UPDATE Jan. 13, 2017: Sagamore Hill Reps Cleared Of Misconduct, But Opposition Remains
The current superintendent is among two individuals at Sagamore Hill National Historic Site under investigation by the National Park Service for allegations of misconduct, according to emails obtained by the Oyster Bay Enterprise-Pilot.
According to one current seasonal ranger, one permanent ranger, the parks curator and two former rangers at the site, Sagamore Hill National Historic Site Superintendent Kelly Fuhrmann and Chief of Interpretation Martin Christiansen are currently being investigated on allegations of misconduct by the Northeast Region of the National Park Service.
The inquiry is being conducted by the National Park Service Northeast Regional Director, the Deputy Regional Director and by a Law Enforcement Ranger from Colonial National Historical Park in Virginia. Law enforcement interviewed Furhrmann and Christiansen on their alleged misconduct, as well as current and former Sagamore Hill National Historic Site employees.
According to the investigation, questions have arisen whether Fuhrmann, who became superintendent of the park in 2013, used government equipment for personal gain.
Christiansen, whom Fuhrmann hired over acting Sagamore Hill National Historic Site Chief of Interpretation Scott Gurney, is being investigated on charges of nepotism. One of the sources claimed that, “After the passing of longtime Eastern National Bookstore manager Debbie Bulck, Christiansen maneuvered to get his wife the position.”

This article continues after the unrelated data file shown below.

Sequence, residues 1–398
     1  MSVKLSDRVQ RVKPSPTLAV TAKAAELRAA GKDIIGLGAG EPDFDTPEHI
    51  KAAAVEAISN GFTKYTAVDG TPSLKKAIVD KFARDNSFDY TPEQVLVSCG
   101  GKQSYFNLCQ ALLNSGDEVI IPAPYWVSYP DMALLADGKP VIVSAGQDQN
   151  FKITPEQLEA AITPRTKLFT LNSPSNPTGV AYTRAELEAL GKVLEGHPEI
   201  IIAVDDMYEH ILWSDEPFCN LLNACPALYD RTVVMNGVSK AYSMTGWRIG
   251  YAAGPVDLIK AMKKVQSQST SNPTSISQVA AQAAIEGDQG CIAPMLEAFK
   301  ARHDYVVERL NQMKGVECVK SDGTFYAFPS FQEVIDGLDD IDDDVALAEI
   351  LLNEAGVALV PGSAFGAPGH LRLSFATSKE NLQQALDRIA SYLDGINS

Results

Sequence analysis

Christiansen’s wife, Melissa Ann Schoeffell, is currently the park’s bookstore manager. One of the sources stated, “The Bookstore brings in over $200,000 a year, and the Superintendent and Chief of Interpretation have the authority to renew the bookstore contract for the park, It is clear with the Chief of Interpretation’s wife as bookstore manager, Eastern National will continue to get the bookstore contact.”
However, the sources do not expect many of the allegations to be addressed, as the Federal Times recently reported that the National Park Service Northeast Regional Director Michael A. Caldwell admitted to fraud and is currently being investigated for abusing work travel and for using his title to get a vacation home on Cape Cod.
A representative at Sagamore Hill, who chose not to be named, responded to calls for comment by stating, “The Northeast Region of the National Park Service (NPS) was made aware of the allegations you have referred to. The NPS takes these kinds of allegations seriously. An inquiry was completed because we are always looking for ways to improve and sometimes it is important to have a fresh set of eyes looking at our processes. We will continue to improve in our communications with staff, partners and the community in which we serve. We sincerely appreciate these matters being brought to our attention.”
The investigation is ongoing.